French Aviation terms and vocabulary

7 July 2014

"The worst day of flying still beats the best day of real work"

This is my vocabulary list that I created to better prepare myself for the airport environment in France.

Ground vocabulary
Accélération= take off roll
Aérodrome/aéroport= airport
Aérogare= terminal
Aéronef/avion= aircraft/airplane
Aire de trafic= ramp
Aviation d'affaires= business aviation
Balisage= lighting
Bande gazonnée= grass strip
Barre de traction= tow bar
Biréacteur= twin jet
Boucle= loop
Bretelle/taxiway= taxiway
Brevet= license
Cale= chock
Certificat de navigabilité= airworthiness certificate
Commandant de bord= captain
Co-pilote= co-pilot/first officer
Damier= touchdown marks
Éléments de vol= flight details
Élève pilote= student pilot
Embarquement= boarding
Entraînement= training
Essence= fuel
Hangar= hangar
Instructeur= instructor
Ligne axiale= centerline
Manche à air= windsock
Meeting aérien= air show
Phare d'aérodrome= aerodrome beacon
Piste= runway
Rassemblement= fly-in
Roulage= taxiing
Seuil de piste= rwy threshold
Sûreté= safety
Tour= tower
Visite pré-vol= preflight

Flight-specific vocabulary
Approche directe= straight-in approach
Atterrissage= landing
Base= base leg
Branche vent arrière= downwind leg
Courte finale= short final
Décollage= take off
Finale= final
Piste dégagée= cleared the runway
Point d'attente= holding point
Remise de gaz= go-around

Radio vocabulary
Affichez le code transpondeur= squawk (verb)
Indicatif d'appel= call sign
Poursuivez= go ahead
Rappelez (au point d'arret)= report (holding point)
Répétez= say again

So you want to fly in France...?

6 July 2014

"Everyone starts out in aviation with a full bag of luck and an empty bag of experience. The trick is to fill the bag of experience before you empty the bag of luck."

What does it take to fly in France?
That's the question I asked myself as I started preparing for the HOP! Tour des Jeunes Pilotes (HTJP). I did some research to find out what the major differences are between flying in France vs the US. For those readers who aren't pilots, I apologize if some of the terminology is a bit foreign. I tried to be as informative as possible, and I even included a few websites at the end that are great resources if you have a desire to learn more about aviation.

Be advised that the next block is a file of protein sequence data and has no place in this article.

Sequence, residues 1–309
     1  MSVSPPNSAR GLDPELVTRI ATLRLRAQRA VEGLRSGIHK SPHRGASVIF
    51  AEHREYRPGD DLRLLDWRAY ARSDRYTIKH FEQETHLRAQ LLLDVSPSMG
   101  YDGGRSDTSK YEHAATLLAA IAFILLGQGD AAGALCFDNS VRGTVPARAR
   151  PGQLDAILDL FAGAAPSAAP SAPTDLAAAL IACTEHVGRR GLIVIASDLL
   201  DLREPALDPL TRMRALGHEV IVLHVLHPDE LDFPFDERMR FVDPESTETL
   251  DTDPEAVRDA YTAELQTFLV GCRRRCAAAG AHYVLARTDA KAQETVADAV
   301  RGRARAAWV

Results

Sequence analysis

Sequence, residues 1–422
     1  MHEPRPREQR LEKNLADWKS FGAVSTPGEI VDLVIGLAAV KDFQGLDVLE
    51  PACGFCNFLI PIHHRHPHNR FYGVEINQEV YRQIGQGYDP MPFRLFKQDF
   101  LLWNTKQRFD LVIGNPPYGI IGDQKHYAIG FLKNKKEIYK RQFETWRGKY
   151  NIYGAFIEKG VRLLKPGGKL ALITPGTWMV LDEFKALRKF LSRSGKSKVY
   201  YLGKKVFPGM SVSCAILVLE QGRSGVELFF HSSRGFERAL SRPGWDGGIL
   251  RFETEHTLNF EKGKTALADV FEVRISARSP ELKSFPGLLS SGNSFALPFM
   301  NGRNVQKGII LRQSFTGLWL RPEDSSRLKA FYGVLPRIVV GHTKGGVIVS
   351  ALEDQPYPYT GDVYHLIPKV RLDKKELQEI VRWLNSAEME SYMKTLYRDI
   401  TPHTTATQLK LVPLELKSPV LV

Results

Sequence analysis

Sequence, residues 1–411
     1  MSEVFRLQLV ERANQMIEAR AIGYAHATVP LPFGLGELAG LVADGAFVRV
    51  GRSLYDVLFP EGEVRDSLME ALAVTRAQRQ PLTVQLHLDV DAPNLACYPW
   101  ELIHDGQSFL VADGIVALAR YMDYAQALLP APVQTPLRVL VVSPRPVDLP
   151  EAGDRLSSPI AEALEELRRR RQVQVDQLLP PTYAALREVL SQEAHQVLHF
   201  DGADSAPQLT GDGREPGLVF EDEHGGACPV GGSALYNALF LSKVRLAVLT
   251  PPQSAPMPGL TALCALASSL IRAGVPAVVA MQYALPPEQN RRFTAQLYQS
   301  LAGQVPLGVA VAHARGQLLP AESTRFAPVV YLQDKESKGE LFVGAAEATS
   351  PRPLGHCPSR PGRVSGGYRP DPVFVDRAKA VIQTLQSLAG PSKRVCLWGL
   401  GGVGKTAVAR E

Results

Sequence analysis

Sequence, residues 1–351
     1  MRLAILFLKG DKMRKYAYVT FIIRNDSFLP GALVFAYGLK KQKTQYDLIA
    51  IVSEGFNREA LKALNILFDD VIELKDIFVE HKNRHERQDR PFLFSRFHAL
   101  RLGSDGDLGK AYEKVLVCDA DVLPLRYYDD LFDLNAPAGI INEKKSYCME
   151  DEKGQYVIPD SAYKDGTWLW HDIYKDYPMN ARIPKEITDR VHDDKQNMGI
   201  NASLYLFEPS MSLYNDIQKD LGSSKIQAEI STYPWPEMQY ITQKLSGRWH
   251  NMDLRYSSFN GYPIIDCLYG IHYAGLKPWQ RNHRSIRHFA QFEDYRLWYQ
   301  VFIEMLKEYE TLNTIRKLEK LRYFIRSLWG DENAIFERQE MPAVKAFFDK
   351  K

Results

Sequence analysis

-France has 5 types of airspace: A, C, D, E, G (so, basically, no bravo)
-Sometimes, with no obvious reason, the C or D airspace will temporarily become class A. This means that VFR flights won't get a clearance through the airspace. So, check your NOTAMs! (Notices to Airmen)
-Most VFR flying is contained beneath FL115 (yes, flight the US, FL's begin at 18,000' MSL but other countries have different designations for transition levels and altitudes. More on this later.)
-It is forbidden to fly below 500' AGL (above ground level) except during takeoff and landing. Above major cities, this minimum altitude is bumped up to 1600', 3300', or 5000' AGL. 
-It is recommended to fly higher than 1500' AGL to stay out of the way of military jets, who tend to leave their protected training zones. 
-The VFR code to squawk on the transponder is 7000 (as opposed to 1200 here). When you fly into controlled airspace, the controller gives you a new squawk, and you change it back to 7000 upon leaving.
-Prohibited airspace is labeled LF-P on charts, while dangerous and restricted areas are LF-D and LF-R, respectively.